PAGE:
“It’s bizarro fiction at it’s best as William Shatner’s appearance at ShatnerCon goes awry when a fiction bomb brings a twisted and evil version of every character the Shat has ever played to life. It’s short, sweet and has occasional grammatical errors, but getting a lightsaber-wielding Captain Kirk in the same room with “Boston Legal’s” Denny Crane is definitely worth the cover price in comedic gold.”

-Jim Gibbons
Wizard Magazine, Issue 214

Check out Jeff Burk’s Shatnerquake at

New German Publisher of Bizarro Fiction

Posted in Publishing on July 28, 2009 by carltonmellick

Bizarro has expanded to the German language, with Black Hard Press. The first German publisher of bizarro fiction. They will be publishing German language bizarro books and hopefully developing a German bizarro fiction scene. If you are a bizarro writer living in Germany definitely check them out.

Cover for “Warrior Wolf Women of the Wasteland”

Posted in Bizarro Books on July 27, 2009 by carltonmellick

The book isn’t coming out until later in the year, but here’s a look at the cover. What do you think?


I consider this book my werewolf book, only it has a different werewolf mythology. Instead of temporarily turning into wolves on the full moon, these werewolves turn slightly but permanently more wolf-like every time they have sex. Set 100 years after the apocalypse, this book is like Road Warrior with werewolf girls.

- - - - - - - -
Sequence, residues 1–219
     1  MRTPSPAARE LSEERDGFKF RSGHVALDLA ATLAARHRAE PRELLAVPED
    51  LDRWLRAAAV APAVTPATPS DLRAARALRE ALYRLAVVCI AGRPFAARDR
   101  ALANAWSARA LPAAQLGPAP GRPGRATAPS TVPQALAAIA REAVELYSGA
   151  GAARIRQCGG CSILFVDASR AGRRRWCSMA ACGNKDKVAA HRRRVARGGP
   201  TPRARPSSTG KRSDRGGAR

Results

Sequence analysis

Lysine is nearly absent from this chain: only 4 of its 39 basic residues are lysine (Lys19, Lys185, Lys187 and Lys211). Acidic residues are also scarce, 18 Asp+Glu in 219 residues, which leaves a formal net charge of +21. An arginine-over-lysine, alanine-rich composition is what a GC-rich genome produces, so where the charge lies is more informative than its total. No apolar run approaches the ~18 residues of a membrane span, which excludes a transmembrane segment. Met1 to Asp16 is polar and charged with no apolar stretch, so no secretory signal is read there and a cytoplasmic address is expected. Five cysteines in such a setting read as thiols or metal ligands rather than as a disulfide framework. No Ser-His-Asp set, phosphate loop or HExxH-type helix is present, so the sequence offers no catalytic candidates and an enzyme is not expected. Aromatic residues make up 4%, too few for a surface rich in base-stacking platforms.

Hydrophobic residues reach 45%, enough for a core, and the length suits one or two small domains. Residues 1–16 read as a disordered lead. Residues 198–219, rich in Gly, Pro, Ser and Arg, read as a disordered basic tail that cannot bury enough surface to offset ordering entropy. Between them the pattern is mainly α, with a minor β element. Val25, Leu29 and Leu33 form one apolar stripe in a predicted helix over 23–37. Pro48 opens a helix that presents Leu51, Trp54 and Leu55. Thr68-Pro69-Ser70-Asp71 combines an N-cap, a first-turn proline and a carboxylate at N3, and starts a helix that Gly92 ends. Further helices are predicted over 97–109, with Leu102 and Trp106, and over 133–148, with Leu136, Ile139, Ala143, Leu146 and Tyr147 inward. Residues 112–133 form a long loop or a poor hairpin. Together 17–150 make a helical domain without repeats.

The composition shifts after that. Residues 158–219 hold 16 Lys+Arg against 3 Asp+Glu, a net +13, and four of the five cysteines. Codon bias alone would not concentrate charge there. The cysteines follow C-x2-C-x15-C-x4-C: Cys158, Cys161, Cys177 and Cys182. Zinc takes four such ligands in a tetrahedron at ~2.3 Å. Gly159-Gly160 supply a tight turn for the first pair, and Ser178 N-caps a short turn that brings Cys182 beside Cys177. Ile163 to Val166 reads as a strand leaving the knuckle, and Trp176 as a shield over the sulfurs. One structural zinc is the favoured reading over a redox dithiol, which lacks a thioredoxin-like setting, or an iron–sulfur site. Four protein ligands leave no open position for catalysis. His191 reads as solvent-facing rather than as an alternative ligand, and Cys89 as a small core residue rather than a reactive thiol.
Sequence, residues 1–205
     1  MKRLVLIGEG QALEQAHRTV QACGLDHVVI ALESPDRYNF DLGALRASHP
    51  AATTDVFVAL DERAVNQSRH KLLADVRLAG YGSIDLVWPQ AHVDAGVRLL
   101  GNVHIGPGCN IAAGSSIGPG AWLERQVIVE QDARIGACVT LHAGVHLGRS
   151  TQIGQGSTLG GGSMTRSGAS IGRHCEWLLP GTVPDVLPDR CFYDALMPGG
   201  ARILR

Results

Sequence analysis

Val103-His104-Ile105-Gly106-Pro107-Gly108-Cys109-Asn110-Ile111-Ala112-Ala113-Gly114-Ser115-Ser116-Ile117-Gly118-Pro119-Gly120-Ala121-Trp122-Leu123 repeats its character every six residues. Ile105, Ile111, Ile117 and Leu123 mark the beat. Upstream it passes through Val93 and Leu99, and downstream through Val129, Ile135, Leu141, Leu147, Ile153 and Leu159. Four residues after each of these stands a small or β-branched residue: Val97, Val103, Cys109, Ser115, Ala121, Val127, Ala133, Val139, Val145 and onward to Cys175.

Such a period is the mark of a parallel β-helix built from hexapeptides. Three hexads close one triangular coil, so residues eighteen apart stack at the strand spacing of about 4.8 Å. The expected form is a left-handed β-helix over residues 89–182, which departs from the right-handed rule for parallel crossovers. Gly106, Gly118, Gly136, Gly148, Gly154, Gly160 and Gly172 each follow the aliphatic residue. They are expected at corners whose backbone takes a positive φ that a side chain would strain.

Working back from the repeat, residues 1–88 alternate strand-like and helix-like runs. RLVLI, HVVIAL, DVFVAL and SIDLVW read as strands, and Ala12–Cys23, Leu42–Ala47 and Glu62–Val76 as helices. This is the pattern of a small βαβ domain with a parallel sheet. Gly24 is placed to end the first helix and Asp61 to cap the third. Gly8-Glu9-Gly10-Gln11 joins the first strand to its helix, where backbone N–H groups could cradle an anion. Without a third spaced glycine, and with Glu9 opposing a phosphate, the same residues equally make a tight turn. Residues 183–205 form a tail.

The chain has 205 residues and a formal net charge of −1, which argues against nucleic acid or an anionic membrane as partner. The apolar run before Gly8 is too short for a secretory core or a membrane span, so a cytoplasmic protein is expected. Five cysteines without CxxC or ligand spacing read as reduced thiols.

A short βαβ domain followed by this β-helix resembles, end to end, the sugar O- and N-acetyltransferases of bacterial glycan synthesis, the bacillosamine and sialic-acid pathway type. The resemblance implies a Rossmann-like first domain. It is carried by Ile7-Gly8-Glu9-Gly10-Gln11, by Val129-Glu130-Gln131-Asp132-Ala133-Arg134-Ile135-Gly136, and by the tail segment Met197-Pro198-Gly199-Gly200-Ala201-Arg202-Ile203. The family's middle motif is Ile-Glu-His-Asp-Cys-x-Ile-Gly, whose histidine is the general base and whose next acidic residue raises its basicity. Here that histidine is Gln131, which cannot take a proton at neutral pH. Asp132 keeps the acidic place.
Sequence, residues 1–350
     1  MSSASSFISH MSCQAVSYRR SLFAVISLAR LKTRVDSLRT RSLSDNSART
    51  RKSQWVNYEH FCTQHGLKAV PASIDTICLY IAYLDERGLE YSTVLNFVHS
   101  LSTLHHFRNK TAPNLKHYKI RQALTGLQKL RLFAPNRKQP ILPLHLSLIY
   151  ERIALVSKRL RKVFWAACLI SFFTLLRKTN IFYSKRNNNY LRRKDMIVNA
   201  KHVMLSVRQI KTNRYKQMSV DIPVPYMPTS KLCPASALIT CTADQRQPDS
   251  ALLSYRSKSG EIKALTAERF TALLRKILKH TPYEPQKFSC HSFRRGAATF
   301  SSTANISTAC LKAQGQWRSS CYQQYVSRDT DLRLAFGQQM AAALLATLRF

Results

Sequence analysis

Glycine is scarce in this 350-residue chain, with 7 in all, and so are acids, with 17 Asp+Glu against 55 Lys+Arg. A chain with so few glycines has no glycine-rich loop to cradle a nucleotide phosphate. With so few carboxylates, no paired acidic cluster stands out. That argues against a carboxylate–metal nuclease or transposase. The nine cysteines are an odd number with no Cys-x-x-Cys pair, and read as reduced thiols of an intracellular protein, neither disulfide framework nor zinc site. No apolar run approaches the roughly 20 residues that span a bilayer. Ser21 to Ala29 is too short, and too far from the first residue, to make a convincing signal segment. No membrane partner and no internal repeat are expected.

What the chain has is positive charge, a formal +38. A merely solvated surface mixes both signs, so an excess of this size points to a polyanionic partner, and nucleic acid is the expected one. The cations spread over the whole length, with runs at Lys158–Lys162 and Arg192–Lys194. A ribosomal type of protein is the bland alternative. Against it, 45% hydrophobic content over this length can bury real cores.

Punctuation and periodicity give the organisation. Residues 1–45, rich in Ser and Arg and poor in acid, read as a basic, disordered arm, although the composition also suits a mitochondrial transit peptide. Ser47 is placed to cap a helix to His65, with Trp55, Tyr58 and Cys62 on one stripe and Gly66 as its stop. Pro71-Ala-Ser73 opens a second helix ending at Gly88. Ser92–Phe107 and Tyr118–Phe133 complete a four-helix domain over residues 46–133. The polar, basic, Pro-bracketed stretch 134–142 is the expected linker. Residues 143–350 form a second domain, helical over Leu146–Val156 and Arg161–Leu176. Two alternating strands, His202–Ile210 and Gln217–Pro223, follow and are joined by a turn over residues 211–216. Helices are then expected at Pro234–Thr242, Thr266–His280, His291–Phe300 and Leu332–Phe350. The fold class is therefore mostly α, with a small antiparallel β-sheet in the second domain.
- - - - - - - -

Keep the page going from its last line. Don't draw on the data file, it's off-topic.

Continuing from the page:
Luck Favors the Bold

Posted in Writing Related on July 24, 2009 by carltonmellick

I’m staying on the marathon-writing topic this weekend. Chris Benton just commented on a previous post and it made me think.

He said:

“Your championing of marathon writing and your theory of betting bacon is refreshing. One must remember that the so-called giants of literature were marathon writers. Dostoyevsky wrote his great novels in monthly installments to pay off his gambling debts. Sometimes, certain specie of desperation smuggles quality into the quantity as well.”

The part I want to focus on is: certain specie of desperation smuggles quality into the quantity as well.